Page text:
The black plague statue just after sunset.
Vajgar Lake was covered with a layer of dense fog as we drove into town. It was both spooky and beautiful. We arrived at our venue, Bar 69, with enough time to relax and eat the vegan snacks they provided for us, including fresh fruit, dark chocolate, and Bohemian Czech wine.
Jindrichov Hradec is not an easy town to pronounce for the Westerner (and it appears I can’t add the appropriate accents for the language, which is happening with many of my Czech posts). In the time it took to learn how to say it properly, I enjoyed a good snowfall, had delicious veggie spread with fresh bread, spoke only Czech with local shopkeepers, and learned about the ghost of the castle, she is referred to as the White Lady.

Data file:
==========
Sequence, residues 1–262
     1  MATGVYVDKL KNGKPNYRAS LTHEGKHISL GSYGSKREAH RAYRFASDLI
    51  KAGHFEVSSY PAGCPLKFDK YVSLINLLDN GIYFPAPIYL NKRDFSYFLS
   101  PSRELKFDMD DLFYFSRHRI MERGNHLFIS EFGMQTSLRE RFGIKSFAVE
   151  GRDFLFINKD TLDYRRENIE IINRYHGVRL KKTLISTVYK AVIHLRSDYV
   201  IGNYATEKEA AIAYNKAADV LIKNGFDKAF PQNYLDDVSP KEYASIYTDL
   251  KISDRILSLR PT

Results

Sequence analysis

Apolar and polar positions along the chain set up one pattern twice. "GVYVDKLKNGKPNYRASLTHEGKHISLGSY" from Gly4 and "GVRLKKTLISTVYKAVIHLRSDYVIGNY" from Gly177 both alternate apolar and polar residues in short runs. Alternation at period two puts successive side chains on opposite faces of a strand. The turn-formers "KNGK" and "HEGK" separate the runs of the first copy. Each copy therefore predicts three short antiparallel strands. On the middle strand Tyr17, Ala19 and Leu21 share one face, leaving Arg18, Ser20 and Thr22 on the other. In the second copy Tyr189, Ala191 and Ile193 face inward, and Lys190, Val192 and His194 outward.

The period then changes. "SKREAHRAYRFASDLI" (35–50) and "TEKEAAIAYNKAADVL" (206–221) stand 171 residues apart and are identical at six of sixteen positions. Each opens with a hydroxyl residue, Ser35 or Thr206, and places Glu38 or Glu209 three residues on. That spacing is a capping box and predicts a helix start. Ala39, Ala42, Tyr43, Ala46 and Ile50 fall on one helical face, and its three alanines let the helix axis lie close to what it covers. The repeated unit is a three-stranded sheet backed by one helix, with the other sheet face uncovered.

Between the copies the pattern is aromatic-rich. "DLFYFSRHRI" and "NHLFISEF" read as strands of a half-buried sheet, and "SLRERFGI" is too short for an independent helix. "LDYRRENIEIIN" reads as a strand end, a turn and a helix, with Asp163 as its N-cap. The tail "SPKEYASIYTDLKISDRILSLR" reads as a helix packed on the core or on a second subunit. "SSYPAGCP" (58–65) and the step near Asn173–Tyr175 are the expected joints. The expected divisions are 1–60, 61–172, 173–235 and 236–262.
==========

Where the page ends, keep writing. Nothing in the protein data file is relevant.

Bar 69 had gorgeous hand-carved wooden bar stools, tables, and benches, along with these amazing handmade light fixtures (below). It was underground in a cave and we soon discovered that many of the venues we would perform in on this tour would be underground. Jindrichuv Hradec was our first gig outside of Prague and we had no idea what to expect. We met our promoter, Petr, at the venue and he helped us bring our gear down the stairs where we settled in and enjoyed getting to know him.
The veggie spreads were like pâté and included mushroom, white bean, and garlic. I wish we had them here; they were fantastic and great for traveling!
My ground view while playing guitar.
My (rented) guitar and amplifier. I bring my own microphone to avoid getting sick. The house microphones often smell really awful too.
The ladies bathroom door.
The day after the show we woke up to a steady stream of snow. We stood out in the cold under the snowflakes until we could no longer stand it and our toes were numb. It was striking in contrast to the pastel colored buildings and cobblestone streets.
The black plague statue in the snow.
May your journey be your muse,